Music lovers and musicians of every genre can certainly relate to the words of reggae icon Bob Marley. In talking about the power of music, the Jamaican-born Marley said: “One good thing about music, when it hits you, you feel no pain.”
While physical pain might not come with the music enjoyed by adoring audiences, it’s been known to have a negative impact on those playing it. Many musicians find out that without protection, the continuous exposure to loud tones can contribute to hearing loss.
Musicians, in fact, are almost four times more likely to deal with noise-related hearing loss than non-musicians according to one German study. Those same musicians are also 57 percent more likely to experience consistent ringing in their ears, also known as tinnitus.
Those results are not surprising for musicians who frequently receive or produce exposure to noise levels above 85 decibels (dB). One study revealed that levels louder than 110dB can start to affect nerve cells, degrading the ability to deliver electrical signals from the ears to the brain. Researchers consider this type of damage to be irreversible.
Noise-related hearing loss can affect musicians who play all kinds of music, but individuals who play the loudest music usually run the greatest risk for hearing loss. And there have been lots of popular rock ‘n’ roll musicians to have their careers shortened, or at a minimum, delayed, as a result of noise-related hearing loss.
Pete Townshend of the legendary British rock band, The Who, is one musician who suffers from partial deafness and tinnitus. The common opinion is that Townshend’s hearing issues are the result of constant and repetitive exposure to loud music. As his symptoms have advanced over the years, Townshend has used several different methods to manage the issue.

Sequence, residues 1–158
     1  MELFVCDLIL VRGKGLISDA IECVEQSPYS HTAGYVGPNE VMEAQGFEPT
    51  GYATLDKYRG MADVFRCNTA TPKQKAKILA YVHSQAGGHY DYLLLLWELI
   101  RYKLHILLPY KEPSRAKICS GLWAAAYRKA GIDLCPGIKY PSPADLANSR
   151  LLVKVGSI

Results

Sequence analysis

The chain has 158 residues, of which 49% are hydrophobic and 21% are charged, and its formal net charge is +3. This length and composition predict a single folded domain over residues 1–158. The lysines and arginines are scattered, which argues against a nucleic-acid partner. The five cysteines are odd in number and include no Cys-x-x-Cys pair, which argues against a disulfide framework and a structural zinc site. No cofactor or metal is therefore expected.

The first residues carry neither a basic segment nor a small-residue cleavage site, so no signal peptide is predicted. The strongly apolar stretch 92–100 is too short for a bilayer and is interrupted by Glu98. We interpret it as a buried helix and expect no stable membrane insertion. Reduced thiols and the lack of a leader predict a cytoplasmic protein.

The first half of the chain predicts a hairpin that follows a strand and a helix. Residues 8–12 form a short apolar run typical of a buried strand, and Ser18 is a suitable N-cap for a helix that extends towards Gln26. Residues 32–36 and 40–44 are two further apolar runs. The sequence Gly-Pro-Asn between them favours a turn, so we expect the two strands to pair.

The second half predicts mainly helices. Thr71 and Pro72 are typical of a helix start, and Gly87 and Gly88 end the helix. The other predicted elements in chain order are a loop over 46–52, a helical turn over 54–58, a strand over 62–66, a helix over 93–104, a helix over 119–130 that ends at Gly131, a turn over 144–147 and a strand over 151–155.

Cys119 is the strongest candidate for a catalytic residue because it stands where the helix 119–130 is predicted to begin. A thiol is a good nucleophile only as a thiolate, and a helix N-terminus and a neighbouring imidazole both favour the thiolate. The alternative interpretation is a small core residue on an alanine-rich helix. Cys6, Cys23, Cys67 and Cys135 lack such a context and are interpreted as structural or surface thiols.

Townshend shielded himself from loud sound behind a glass partition on the band’s 1989 tour and chose to play acoustically. At a show in 2012, the volume turned out to be too loud for the guitarist, who chose to leave the stage to get away from the noise.
Another hard rocker, Alex Van Halen of the band Van Halen, also dealt with considerable hearing loss due to excessive noise volumes. The drummer revealed that he lost 30 percent of his hearing in his right ear and 60 percent in his left.
Van Halen spoke with his soundman about a custom-fitted in-ear monitor as he looked for ways to address his worsening hearing loss. That earpiece would connect wirelessly to the band’s soundboard, which let him hear the music at a lower (and clearer) level. The sound-man eventually was so successful with this prototype that he began to manufacture and sell the design and ended up selling the patent to a major tech company for 34 million dollars.
Van Halen, Townshend, and also countless other musicians, including Sting and Eric Clapton, are but a few notable mentions on the long list of famous musicians to experience noise-induced hearing loss.
But there’s one singer in the United Kingdom who found another way to fight her own bout with hearing loss successfully. Her career may not be as well known as Clapton and she might not have record sales like Sting, she has been able to resurrect her career by using a pair of hearing aids.
From stages throughout London’s West End, English musical theater performer, Elaine Paige, has been thrilling audiences for over 50 years. Five decades of performing damaged Paige’s hearing to the point she suffered considerable hearing loss. Paige revealed that she has been depending on hearing aids for years.
Because Paige wears her hearing aids every day, she reveals that she can still work without her condition getting in the way. And for theater fans in the U.K., that’s music to the ears.
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